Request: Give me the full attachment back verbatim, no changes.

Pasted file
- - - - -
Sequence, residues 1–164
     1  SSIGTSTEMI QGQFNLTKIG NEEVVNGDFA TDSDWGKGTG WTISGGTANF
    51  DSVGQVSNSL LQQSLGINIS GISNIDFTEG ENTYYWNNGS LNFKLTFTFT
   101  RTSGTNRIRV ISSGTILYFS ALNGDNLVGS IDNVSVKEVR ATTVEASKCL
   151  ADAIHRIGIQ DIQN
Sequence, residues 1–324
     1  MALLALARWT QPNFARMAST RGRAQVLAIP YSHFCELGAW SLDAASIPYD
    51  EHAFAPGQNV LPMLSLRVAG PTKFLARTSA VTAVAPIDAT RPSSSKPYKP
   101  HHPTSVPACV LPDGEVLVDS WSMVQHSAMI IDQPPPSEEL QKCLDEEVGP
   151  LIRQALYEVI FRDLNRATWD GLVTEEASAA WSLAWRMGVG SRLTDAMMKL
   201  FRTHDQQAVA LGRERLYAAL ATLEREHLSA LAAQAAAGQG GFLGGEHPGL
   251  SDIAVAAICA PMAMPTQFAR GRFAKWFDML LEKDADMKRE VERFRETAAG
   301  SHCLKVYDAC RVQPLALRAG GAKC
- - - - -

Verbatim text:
Sequence, residues 1–164
     1  SSIGTSTEMI QGQFNLTKIG NEEVVNGDFA TDSDWGKGTG WTISGGTANF
    51  DSVGQVSNSL LQQSLGINIS GISNIDFTEG ENTYYWNNGS LNFKLTFTFT
   101  RTSGTNRIRV ISSGTILYFS ALNGDNLVGS IDNVSVKEVR ATTVEASKCL
   151  ADAIHRIGIQ DIQN
Sequence, residues 1–324
     1  MALLALARWT QPNFARMAST RGRAQVLAIP YSHFCELGAW SLDAASIPYD
    51  EHAFAPGQNV LPMLSLRVAG PTKFLARTSA VTAVAPIDAT RPSSSKPYKP
   101  HHPTSVPACV LPDGEVLVDS WSMVQHSAMI IDQPPPSEEL QKCLDEEVGP
   151  LIRQALYEVI FRDLNRATWD GLVTEEASAA WSLAWRMGVG SRLTDAMMKL
   201  FRTHDQQAVA LGRERLYAAL ATLEREHLSA LAAQAAAGQG GFLGGEHPGL
   251  SDIAVAAICA PMAMPTQFAR GRFAKWFDML LEKDADMKRE VERFRETAAG
   301  SHCLKVYDAC RVQPLALRAG GAKC